That's why schools don't do that kind of evaluation "by any stretch".
Reply With Quote Quick reply to this message
 
Old 09-29-2015, 11:39 AM
 
2,643 posts, read 1,884,015 times
Reputation: 1722
Quote:
Originally Posted by phetaroi View Post
I was in a situation when I was teaching in Greece, NY (a suburb of Rochester). Another teacher and I had the same students, me in science, he in English. My kids were doing great. His classroom situation was perhaps the worst I have ever seen in 33 years of education. Same kids, different teachers. (And BTW, there was a year when I totally failed with one classroom of 9th grade science students, so this is not about me bragging).
By your logic, you should have been fired for that.
Reply With Quote Quick reply to this message
 
Old 09-29-2015, 03:18 PM
 
Location: Colorado Springs
18,906 posts, read 8,878,766 times
Reputation: 18307
Quote:
Originally Posted by AMSS View Post
By your logic, you should have been fired for that.
Not at all.

First of all, the discussion we have been having certainly doesn't encompass all of anyone's philosophy of education.

Second, and I don't believe we've discussed this in this thread, I'm not one of the Americans who believes we should run around firing everyone who doesn't perform up to some particular threshold...at least not for one bad patch. Let's see...that year I had one class I couldn't bring to the success level I desired. But that was after 10 years (that would be 50 classes) of success. Let's see -- 98% success rate. I'd rate that pretty good.

The concern with a teacher comes when you have a pattern of failing to lead students to success. For example, we had a math teacher of 7th grade in our school who -- every year -- had a fail rate that was the highest in the school in any subject. Clearly, that's a problem.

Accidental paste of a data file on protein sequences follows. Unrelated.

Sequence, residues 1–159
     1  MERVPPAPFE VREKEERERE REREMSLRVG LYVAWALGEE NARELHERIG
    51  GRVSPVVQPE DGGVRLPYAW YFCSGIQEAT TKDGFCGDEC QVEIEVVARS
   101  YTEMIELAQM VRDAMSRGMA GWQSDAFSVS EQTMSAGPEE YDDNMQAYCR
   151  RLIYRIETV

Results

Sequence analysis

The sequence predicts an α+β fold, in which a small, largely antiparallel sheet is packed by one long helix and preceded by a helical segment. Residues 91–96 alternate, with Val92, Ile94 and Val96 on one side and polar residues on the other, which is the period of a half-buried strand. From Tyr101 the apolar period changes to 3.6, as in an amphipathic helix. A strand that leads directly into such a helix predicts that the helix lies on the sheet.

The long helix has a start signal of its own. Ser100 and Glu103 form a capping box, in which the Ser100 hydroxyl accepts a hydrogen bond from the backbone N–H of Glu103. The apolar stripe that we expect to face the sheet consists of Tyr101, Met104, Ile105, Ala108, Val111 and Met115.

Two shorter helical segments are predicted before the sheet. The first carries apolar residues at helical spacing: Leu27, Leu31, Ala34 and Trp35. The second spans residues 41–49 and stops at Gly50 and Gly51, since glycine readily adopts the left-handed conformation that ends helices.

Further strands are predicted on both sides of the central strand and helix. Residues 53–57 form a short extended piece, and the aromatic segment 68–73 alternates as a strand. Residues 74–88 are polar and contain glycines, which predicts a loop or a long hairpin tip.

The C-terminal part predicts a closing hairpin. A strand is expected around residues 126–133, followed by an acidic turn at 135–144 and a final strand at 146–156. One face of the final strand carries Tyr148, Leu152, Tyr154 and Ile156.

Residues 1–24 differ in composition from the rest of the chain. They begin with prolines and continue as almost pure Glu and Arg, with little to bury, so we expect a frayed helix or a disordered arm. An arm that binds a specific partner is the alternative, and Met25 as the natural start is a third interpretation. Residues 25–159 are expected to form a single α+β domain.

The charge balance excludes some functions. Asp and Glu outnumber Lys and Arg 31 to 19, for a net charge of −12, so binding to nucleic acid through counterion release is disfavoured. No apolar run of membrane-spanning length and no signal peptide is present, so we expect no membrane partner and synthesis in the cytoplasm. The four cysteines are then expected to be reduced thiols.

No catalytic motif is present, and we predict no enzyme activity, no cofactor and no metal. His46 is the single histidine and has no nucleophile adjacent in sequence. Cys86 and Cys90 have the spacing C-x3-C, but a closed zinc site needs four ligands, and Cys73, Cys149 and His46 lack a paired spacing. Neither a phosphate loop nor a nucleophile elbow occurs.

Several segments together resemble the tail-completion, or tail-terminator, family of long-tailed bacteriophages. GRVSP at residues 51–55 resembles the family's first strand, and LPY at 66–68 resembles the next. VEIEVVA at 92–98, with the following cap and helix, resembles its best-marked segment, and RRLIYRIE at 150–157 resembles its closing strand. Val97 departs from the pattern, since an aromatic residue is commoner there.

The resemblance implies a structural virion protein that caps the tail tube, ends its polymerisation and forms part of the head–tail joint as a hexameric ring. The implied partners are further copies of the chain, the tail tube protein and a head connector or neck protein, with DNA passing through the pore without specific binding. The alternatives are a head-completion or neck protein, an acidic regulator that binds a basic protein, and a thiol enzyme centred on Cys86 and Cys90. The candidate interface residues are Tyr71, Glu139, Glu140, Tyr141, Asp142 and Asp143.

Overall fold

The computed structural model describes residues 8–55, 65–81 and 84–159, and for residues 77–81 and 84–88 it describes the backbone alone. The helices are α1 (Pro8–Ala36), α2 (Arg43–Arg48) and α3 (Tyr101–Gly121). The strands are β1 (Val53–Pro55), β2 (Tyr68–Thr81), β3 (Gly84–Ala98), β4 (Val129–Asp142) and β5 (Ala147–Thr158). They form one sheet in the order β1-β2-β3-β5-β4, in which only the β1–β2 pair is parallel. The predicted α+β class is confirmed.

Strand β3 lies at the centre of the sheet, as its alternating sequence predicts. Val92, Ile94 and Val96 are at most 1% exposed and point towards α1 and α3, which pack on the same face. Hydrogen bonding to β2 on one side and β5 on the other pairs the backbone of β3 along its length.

And so, what do you do. Instantly fire them? No, but you begin to quickly work on the issues. Buddy them up with a coaching teacher, provide inservice opportunities to improve skills, etc.

Now might say to just fire them. In social studies or English, candidates are a dime a dozen. In math and science it was often a real challenge to find a satisfactory candidate to fill a vacancy.

In fact, AMSS, I don't think I've talked much about firing teachers anywhere in this discussion. So stop extrapolating my words.
Reply With Quote Quick reply to this message
 
Old 09-29-2015, 03:53 PM
 
Location: St Louis, MO
4,677 posts, read 4,593,280 times
Reputation: 2966
Quote:
Originally Posted by phetaroi View Post
How would you expect a school system to pay for the kind of evaluation you are suggesting? My school had approximately 80 teachers. At 20 observations per year per teacher (your suggestion), that would be 1,600 hours of observations, plus another 3,200 hours to write the evaluation report. 4,800 hours for evaluation in one school. That's somewhere around $120,000 in costs for one school for evaluations (assuming the observers are only getting around $25 per hour.

Now, for my school system we had about 22 high schools, 22 middle schools, and something like 125 elementary schools. So now we're up to about $2.6 million just for the middle schools, another $5.2 million for the high schools. And $7.5 million for the elementary schools. Let's see, something like $15 million for my school system, without the related expenses such as training the observers, supervising the observers, and evaluating the observers.

That's why schools don't do that kind of evaluation "by any stretch".
As I have said repeatedly....

Taxpayers are unwilling to pay for effective evaluation, then complain that teachers are not effectively evaluated.
Reply With Quote Quick reply to this message
Please register to post and access all features of our very popular forum. It is free and quick. Over $68,000 in prizes has already been given out to active posters on our forum. Additional giveaways are planned.

Detailed information about all U.S. cities, counties, and zip codes on our site: City-data.com.


Reply
Please update this thread with any new information or opinions. This open thread is still read by thousands of people, so we encourage all additional points of view.

Quick Reply
Message:

Over $104,000 in prizes was already given out to active posters on our forum and additional giveaways are planned!

Go Back   City-Data Forum > General Forums > Current Events
Follow City-Data.com founder on our Forum or

All times are GMT -6.

2005-2018, Advameg, Inc.

City-Data.com - Archive 1, 2, 3, 4, 5, 6, 7, 8, 9, 10, 11, 12, 13, 14, 15, 16, 17, 18, 19, 20, 21, 22, 23, 24, 25, 26, 27, 28, 29, 30, 31, 32, 33, 34, 35 - Top